Reunion - September 3-5, 2002
|A Parader's Reunion was held on September 3-5, 2002, in Saugatuck, Michigan. Following are some excerpts from that event.|
PARADER'S 50TH REUNION
Below: The Paraders were all given complementary caps and asked to pose for a photograph in front of the work-stall where the Futurliner is being restored.
With all the preparations being made the Futurliner Restoration
volunteers were anxiously awaiting the arrival of the Paraders and their
wives. Ron and his wife had decorated all the tables with flowers. Most of
the volunteers brought along their old cars. Howard had provided a tent
and a 50's Coke A Cola soft drink cooler (a big one).
from Jerry L Sigler who is working on the Futurliner
project and attended the reunion.
Following are a couple of things learned and discussed at the Paraders reunion.
Raffee Johns was telling me how his job was to drive the station wagon that carried the lunches for the paraders but occasionally he would drive the Futurliner. He was also talking about while driving out west up and down the mountains, and to enable him to get up the next hill, he would have to floor board down a hill. Apparently the Futurliner would vibrate to the point that he is amazed that he was not in the ditch.
One gentleman was telling me that all paraders had to have a drivers license before they could be hired and there was a Joe Petrocik from Pennsylvania that had never driven so he was taken to the police station at 7 Mile and Woodward where a cop took him on a tour through the park then gave him his license.
All drivers were warned not to pump their air brakes or they would lose pressure and ultimately the brakes. Joe was going down a mountain driving # 6 and got too close to # 5. He got excited and because of lack of experience forgot and started pumping the brake. After losing them he ran into the back of # 5, knocked the axle forward and blew out the tires. He also destroyed the front of # 6. Needless to say Joe had to wear the football helmet that the person with the latest accident always had to wear.
Conrad Vaughan said he has a key to the door of the liner and would mail it to us.
I believe it was Raffee Johns that was telling me that the generator that was just rebuilt was never used because they had the diesel generator truck that supplied all their power.
Someone was also telling me that the back of one of the liners was an office and it had doors that slid out like slide outs on current day RV's.
from Wally Snow
Bob Harris mentioned that, "Futurliners were most awkward vehicle ever built." He said that the driver had to stand up in the cab and look to front and sides before moving the vehicle. It was easy to hit cars broadside or sideswipe them and the mass of bus was so great that you didnít feel the collision.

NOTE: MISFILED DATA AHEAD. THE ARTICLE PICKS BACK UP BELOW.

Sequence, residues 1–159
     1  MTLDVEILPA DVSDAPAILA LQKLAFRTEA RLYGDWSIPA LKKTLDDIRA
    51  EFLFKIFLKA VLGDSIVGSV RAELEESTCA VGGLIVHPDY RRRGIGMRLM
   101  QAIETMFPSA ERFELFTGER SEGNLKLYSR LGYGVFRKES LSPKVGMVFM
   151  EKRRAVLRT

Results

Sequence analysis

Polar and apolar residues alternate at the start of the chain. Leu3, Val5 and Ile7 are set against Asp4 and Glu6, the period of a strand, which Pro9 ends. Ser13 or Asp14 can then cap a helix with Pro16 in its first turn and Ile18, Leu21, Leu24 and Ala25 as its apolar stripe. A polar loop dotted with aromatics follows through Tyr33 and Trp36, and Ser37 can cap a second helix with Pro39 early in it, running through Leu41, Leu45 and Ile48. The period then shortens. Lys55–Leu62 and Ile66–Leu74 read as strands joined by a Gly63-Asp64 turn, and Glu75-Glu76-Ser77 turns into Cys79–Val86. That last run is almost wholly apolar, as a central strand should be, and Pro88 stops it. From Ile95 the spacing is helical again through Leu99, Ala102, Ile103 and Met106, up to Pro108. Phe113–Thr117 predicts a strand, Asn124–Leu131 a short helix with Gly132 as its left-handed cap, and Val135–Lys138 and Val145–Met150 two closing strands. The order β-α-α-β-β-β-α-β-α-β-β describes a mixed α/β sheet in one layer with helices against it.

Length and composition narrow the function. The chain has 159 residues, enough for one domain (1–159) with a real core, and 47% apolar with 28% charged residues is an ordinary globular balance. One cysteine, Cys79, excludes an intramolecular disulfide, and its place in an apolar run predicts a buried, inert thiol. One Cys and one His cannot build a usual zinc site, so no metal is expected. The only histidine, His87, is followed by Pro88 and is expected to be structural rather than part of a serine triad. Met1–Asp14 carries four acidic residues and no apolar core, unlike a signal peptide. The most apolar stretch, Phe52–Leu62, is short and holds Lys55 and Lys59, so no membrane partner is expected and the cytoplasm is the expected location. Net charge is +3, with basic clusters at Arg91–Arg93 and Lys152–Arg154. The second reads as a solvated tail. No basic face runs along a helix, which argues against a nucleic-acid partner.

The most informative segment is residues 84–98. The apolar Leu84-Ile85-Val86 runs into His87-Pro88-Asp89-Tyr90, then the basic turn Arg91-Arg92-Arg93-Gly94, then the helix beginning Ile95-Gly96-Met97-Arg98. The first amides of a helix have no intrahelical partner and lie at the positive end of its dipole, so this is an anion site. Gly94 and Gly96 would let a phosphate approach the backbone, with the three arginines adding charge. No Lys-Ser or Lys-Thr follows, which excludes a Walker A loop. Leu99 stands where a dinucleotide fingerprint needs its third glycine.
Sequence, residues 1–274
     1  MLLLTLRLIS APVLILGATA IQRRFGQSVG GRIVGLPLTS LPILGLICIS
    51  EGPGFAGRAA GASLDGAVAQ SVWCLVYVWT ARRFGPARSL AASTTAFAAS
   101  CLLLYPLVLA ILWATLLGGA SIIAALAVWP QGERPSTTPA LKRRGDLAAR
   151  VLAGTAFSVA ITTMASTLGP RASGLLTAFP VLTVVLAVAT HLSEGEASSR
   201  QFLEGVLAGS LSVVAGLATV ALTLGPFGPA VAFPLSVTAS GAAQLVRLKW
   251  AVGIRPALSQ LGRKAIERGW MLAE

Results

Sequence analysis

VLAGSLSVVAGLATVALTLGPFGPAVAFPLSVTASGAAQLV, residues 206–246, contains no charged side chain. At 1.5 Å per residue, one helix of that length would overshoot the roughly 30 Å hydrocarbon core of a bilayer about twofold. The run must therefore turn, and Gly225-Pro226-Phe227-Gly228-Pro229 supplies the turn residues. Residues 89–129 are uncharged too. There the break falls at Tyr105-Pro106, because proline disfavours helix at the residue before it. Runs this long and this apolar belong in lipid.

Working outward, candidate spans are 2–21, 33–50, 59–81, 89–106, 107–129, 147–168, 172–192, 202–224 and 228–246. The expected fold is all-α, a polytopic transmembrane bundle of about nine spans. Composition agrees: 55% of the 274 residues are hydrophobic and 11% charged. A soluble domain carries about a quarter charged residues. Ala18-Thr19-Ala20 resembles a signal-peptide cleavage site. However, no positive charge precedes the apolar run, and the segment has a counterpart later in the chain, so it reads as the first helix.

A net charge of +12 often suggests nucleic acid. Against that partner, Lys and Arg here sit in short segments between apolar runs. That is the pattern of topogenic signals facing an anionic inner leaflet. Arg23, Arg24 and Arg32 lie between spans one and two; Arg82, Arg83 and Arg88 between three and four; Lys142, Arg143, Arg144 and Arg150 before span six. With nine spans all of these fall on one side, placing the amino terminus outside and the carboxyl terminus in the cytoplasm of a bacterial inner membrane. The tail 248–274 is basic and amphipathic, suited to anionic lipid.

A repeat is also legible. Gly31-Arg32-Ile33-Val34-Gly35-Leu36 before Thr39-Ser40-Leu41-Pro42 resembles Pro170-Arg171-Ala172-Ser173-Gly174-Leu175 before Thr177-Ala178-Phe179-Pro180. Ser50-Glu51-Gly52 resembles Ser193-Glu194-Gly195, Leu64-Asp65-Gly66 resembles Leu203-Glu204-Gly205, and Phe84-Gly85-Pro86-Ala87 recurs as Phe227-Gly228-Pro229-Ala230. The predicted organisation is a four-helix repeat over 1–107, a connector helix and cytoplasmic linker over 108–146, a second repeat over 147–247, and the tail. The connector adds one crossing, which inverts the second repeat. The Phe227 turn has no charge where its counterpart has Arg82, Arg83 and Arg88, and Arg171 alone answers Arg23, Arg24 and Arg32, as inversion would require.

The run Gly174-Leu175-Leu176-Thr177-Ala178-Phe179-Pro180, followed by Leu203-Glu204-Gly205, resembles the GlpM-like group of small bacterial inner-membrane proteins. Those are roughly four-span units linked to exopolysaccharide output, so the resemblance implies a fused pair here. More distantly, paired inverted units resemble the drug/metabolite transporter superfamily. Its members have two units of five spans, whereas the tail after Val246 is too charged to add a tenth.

Harry Hardenbrook recalls that about ten years ago he saw a "C" grade movie with vampires etc. which had about four minutes with a Futurliner in it. Someone else verified this, but no further info.
When in town, busses drove ten feet apart but could see nothing but the vehicle ahead and many small collisions occurred because of this. Harry gave us part of his speech from the floor of our bus with the doors open.
John Conroy recalled the convoy was directed by FM radio from the lead car or truck, "Number xx pull up closer" etc. Drivers hated this as they had receivers only and could not talk back. Entry level job was to pickup paper etc. from the show-grounds with a nail on the end of a stick.
Tony Gagliardi had public relations degree and always drove bus no. 1. At towns, he would pick up reporters or officials. He handled radio interviews and always announced that 60 young and single college grads were in town. Girls attended in droves. The guys had money and could use the parade cars for dates. Some girls would follow a guy from town to town and were called camp followers. Town police were rewarded for their escort services with packs of playing cards, cash or sometimes just a handshake.
Ed Harben started with tour in 1953 as a maintenance and repair guy. His biggest problem was lack of any waterproof wiring on engines. Dew would form on the wires overnight and prevent the vehicle from starting. He used a carbon tetrachloride fire extinguisher to dry them off. Futurliners needing updating or repairs to their displays would be driven to the display builder Stubbs in Detroit. The Futurliner with the Diesel exhibit was driven to Detroit Diesel Engine Division for updating of the exhibit.
Ray Boroviak said he sometimes drove a Futurliner and other times a truck that carrier the 60 steamer trunks with Paraders possessions in them. The trunks were taken to and from hotels for distribution by bellboys. The low seniority guys, with little shifting experience, drove the vehicles with automatic transmissions. He remembers gas filler neck as being at rear of vehicle. When the tour went to Canada 10 French guys were hired to work and interpret along the way.
Bob Hunter remembers meeting many dignitaries and other famous people along the way. Also recalls that some of the displays were not GM products.
Thanks so much for your hospitality for the Paraders. It was a wonderful visit & enjoyed by everyone. You have taken on a monumental task & have accomplished so much. All the workers should feel pleased that so much has come from so little! My husband, Dick, was on the Parade in 1954-1955.
Thanks again to both you & your wife.
I'm looking forward to the next reunion.
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